2. Reporting Pursuant to Part 45
In addition to part 45 recordkeeping (which applies in some form to all trade options and trade option participants), the interim final rule requires certain trade options to be reported pursuant to part 45's reporting provisions. Under the interim final rule, the determination as to whether a trade option is required to be reported pursuant to part 45 is based on the parties to the trade option and whether or not they have previously reported swaps pursuant to part 45. Specifically, if any trade option involves at least one counterparty (whether as buyer or seller) that has (1) become obligated to comply with the reporting requirements of part 45, (2) as a reporting party, (3) during the twelve month period preceding the date on which the trade option is entered into, (4) in connection with any non-trade option swap trading activity, then such trade option must also be reported pursuant to the reporting requirements of part 45. If only one counterparty to a trade option has previously complied with the part 45 reporting provisions, as described above, then that counterparty shall be the part 45 reporting entity for the trade option. If both counterparties have previously complied with the part 45 reporting provisions, as described above, then the part 45 rules for determining the reporting party will apply.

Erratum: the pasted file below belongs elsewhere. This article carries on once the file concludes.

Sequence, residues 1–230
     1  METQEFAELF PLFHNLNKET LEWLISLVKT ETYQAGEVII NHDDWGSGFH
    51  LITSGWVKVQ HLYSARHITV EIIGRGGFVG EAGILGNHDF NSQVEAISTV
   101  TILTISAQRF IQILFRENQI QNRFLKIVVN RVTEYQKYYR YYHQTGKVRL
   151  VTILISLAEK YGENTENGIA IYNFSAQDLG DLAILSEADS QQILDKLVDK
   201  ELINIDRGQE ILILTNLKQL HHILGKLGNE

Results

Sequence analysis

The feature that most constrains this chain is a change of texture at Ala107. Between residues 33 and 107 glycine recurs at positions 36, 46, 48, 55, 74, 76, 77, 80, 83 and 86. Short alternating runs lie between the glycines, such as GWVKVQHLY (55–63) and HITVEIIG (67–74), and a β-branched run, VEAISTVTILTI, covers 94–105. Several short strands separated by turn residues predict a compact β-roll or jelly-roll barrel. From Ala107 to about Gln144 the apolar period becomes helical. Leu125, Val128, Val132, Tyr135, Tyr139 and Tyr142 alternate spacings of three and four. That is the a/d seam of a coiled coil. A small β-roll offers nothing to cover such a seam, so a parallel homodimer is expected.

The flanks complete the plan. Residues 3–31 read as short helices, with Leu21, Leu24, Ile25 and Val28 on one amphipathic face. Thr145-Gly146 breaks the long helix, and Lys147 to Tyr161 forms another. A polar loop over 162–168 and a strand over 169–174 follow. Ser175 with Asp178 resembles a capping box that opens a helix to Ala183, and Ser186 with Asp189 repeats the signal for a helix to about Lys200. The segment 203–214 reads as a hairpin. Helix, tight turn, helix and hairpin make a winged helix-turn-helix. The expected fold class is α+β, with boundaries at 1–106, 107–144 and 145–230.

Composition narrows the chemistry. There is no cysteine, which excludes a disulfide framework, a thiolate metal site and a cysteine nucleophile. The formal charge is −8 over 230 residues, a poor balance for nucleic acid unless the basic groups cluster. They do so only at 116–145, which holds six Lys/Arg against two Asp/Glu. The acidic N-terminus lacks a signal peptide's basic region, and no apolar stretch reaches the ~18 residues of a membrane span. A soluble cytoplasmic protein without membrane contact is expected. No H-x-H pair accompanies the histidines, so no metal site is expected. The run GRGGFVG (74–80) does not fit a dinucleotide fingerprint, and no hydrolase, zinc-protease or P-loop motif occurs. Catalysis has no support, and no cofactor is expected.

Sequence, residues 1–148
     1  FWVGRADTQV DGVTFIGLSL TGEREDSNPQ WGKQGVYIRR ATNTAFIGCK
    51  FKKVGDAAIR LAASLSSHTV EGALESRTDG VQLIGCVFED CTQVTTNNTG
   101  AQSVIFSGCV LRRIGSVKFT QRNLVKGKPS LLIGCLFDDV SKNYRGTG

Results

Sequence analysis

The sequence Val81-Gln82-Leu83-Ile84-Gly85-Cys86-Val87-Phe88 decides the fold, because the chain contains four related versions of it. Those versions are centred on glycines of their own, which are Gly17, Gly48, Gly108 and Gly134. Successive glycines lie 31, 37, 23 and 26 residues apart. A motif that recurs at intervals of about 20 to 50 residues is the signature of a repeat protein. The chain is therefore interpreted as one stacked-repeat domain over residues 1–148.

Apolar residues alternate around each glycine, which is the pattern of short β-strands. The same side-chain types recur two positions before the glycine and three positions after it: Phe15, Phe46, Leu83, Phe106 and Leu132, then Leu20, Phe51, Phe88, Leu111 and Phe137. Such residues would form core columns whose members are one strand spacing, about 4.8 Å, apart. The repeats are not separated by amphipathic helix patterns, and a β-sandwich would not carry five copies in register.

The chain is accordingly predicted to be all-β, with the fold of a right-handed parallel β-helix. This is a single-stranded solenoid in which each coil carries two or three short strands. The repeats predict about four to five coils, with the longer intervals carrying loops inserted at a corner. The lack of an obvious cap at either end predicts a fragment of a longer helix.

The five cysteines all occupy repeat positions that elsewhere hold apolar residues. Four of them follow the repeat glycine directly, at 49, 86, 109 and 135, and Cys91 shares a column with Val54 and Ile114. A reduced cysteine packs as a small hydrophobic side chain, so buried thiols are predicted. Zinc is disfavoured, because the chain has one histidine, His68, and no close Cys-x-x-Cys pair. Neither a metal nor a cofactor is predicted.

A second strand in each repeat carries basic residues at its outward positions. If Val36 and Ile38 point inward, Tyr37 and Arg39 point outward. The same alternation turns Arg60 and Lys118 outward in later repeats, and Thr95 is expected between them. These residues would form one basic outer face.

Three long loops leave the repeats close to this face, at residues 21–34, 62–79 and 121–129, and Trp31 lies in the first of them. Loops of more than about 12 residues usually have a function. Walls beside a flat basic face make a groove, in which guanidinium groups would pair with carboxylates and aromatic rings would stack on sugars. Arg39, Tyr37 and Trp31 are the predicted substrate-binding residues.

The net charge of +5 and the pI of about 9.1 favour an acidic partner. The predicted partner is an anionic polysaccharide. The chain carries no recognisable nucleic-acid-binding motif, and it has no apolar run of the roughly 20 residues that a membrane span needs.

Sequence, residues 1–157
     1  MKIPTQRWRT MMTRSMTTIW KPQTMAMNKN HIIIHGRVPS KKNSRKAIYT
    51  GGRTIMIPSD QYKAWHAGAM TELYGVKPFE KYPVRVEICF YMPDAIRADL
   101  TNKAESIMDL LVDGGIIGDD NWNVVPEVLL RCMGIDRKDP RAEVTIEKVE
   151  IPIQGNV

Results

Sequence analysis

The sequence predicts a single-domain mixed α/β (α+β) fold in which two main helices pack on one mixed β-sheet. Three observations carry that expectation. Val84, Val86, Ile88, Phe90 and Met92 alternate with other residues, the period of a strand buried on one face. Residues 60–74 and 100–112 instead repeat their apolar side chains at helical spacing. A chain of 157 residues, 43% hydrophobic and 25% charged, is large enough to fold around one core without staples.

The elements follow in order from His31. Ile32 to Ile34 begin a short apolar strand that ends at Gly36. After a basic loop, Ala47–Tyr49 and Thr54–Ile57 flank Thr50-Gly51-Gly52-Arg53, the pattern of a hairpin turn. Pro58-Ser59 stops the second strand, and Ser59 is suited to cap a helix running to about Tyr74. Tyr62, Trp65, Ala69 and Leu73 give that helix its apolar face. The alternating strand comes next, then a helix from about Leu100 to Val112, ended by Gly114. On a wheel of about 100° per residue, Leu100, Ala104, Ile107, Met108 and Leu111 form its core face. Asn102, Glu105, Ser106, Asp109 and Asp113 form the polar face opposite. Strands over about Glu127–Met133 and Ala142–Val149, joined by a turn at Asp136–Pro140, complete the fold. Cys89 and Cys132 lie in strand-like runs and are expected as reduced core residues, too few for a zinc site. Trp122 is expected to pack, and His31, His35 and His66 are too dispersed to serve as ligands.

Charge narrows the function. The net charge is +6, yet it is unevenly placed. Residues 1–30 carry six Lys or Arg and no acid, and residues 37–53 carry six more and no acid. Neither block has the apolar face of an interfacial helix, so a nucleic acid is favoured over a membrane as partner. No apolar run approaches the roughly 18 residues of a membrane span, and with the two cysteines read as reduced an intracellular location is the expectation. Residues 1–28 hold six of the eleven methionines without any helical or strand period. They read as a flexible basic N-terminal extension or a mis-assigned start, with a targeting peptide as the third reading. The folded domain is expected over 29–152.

By applying the part 45 reporting requirements to trade options in this manner, the Commission will obtain greater transparency and improved oversight of the swaps markets, both of which are primary statutory objectives of Title VII of the Dodd-Frank Act.